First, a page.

- also the teacher encouraged us to stay back and not engage. Can someone else take him swimming? It's hard to sit back and let them cry but sometimes you have to let the teachers do their thing.
    - swimming with them as much as possible outside of swim lessons. I'm lucky we have a pool so both my girls are becoming amazing swimmers. Even though I'm sooooo over hopping in the pool and their hair is turning green and impossible to brush, I do see the leaps and bounds they are making.
    She's almost 5. The one on one lessons are too expensive for us at the moment but maybe an option for later in the year.

    I always sit where she can't see me in the classes and she gets a reward too.

    She's now pretty good, it's just the last 5 minutes and the jumping in and being submerged in water she freaks out with. But it could be good to give her a specific treat linked to her jumping in and not sliding in. Something to remember when we start her back in lessons in the winter.

  5. #14
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    If the big issue is jumping in I would keep her in. If she's not hysterical all lesson she's learning a lot still. I would have a big reward for when she chooses to do it, and I would tell the teachers to encourage her but not push it.

  6. #15
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    If it's just water on her face that is an issue go to a swimming school who will cater to that. One of my kids was terrified of water for a year...we had a backyard pool and they wouldn't even get in thwt beyond the second step. Swimming lessons were spent clinging to me. It was a waste so we dropped swimming lessons for 12 months...worked on familiarity with water in the shower (standing completely under it), and in the bath (blowing bubbles, down to submerging face). The next summer the fear had gone and we went back to swimming lessons.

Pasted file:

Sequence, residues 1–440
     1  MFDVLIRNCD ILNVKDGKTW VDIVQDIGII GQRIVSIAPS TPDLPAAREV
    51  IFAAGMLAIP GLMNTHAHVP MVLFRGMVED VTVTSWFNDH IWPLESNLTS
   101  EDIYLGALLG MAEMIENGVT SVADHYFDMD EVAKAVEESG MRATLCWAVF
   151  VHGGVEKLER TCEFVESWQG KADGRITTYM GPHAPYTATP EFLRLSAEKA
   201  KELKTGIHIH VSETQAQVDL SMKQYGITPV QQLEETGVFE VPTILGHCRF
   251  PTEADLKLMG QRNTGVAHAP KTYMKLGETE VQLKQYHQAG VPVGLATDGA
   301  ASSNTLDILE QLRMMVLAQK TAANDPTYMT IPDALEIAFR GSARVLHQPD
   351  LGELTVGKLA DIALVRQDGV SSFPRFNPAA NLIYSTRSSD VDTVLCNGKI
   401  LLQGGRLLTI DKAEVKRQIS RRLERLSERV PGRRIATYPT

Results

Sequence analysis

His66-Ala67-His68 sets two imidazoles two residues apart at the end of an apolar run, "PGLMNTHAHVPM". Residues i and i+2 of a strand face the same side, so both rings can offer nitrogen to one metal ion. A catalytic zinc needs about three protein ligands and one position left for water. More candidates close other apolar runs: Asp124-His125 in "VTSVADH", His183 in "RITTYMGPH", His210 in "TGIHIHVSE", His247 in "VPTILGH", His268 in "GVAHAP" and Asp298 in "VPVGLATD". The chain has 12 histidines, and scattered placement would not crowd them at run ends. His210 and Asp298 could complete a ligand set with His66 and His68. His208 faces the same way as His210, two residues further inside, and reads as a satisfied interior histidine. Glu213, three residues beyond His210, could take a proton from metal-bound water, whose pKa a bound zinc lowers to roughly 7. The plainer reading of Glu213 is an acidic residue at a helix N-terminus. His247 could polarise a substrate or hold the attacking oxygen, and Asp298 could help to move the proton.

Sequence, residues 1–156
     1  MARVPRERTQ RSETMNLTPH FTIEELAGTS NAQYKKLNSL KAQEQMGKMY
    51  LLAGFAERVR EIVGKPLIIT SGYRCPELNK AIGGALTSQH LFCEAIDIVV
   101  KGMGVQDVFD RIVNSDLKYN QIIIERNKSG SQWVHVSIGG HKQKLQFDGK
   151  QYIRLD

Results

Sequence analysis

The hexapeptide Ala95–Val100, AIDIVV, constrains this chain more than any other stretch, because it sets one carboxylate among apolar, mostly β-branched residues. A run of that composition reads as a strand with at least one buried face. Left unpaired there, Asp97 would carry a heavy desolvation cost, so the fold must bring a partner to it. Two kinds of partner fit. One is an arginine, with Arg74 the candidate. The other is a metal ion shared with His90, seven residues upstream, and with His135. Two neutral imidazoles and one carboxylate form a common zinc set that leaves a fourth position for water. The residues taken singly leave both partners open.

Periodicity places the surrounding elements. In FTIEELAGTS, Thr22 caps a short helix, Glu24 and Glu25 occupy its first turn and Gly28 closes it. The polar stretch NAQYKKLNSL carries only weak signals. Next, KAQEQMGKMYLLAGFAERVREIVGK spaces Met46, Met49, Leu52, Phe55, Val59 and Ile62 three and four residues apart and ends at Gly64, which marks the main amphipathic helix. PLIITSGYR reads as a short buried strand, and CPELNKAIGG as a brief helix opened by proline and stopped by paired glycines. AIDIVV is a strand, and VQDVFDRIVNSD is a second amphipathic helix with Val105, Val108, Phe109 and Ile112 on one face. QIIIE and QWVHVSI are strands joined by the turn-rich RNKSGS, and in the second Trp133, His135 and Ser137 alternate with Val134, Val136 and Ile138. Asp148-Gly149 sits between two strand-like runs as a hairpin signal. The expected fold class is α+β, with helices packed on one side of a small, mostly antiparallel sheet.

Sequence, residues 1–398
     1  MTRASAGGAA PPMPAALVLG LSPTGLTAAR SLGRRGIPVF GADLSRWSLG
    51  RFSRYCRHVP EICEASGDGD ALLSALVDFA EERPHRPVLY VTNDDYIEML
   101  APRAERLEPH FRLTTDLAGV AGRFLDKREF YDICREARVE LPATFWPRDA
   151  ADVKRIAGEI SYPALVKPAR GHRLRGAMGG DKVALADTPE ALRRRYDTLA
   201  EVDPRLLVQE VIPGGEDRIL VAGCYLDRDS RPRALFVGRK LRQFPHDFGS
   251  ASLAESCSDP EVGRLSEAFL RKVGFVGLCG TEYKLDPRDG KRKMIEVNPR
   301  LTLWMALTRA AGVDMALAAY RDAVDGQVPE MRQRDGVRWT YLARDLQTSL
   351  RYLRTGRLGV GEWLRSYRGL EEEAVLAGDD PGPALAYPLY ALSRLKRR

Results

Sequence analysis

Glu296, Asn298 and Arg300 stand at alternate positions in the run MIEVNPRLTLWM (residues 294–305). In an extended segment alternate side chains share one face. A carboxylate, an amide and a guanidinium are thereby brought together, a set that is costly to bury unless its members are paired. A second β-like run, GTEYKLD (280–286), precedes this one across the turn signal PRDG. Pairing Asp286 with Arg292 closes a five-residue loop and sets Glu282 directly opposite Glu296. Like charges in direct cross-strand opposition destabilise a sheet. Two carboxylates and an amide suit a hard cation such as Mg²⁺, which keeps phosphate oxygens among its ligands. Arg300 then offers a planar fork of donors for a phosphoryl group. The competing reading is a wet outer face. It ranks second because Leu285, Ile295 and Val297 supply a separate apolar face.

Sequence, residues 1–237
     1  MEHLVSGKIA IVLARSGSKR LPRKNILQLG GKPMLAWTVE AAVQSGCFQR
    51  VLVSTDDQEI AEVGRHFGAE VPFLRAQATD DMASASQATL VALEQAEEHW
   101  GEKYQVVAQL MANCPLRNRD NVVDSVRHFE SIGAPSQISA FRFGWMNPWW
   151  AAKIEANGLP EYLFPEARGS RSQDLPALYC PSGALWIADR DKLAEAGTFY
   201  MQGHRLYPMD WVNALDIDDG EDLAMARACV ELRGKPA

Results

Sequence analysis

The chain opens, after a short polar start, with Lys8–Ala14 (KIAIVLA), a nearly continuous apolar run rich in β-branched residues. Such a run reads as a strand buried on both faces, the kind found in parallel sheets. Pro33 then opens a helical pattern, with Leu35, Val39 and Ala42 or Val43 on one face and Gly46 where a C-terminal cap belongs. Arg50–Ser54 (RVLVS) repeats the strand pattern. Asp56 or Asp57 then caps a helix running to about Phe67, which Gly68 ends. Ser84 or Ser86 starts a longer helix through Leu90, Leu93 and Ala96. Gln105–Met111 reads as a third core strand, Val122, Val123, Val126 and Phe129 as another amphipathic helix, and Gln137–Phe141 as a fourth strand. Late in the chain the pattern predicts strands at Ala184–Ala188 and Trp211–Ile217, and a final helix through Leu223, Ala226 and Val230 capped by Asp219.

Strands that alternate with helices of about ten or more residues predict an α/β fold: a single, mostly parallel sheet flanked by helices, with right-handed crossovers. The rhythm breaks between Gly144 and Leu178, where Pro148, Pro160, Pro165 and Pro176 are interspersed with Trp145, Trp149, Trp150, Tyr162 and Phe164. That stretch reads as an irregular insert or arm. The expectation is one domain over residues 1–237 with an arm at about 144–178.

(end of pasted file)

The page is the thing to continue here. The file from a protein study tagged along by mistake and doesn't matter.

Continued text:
However, all kids under the age of 4 or 5 are unlikely to save themselves of they go under by accident, no matter how good they are at swimming.

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  8. #16
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    I think for a child who doesn't like water on her face she is doing brilliantly! I was exactly the same as a child. I HATED swimming lessons and barely made any progress. I was even put into 'remedial' swimming lessons by the school and taken out of regular class, put on a bus and sent to a special pool! Still didn't do all that great. And we had a pool at home! We'd often go swimming on weekends but putting my head under or jumping in was not my thing. Even in year 7, I was the last one standing on the side too scared to jump in with the entire class AND teacher telling me to 'just do it'

    The only time I made real progress was either at home or in a friend's pool, free to experiment and play around without the pressure. I still to this day won't jump in...just don't like it. I certainly don't think kids should be made to!

    I haven't sent DD to lessons yet, she's 4.5 and loves playing in the water with us, she has floaties and a kickboard and we do our best to guide her in a very casual way. She hates the shower because of the water on her face, but hasn't seemed too fussed in the pool yet - lessons might be a different story.

    Can you do school holiday programs instead of weekly lessons? That's what I'm planning on with DD. Most swim schools where I am offer a 5 day intensive program in the second week of the school holidays - 1x30min lesson every day. Everyone I know who has sent their kids there has said they've learned heaps more than in a weekly lesson.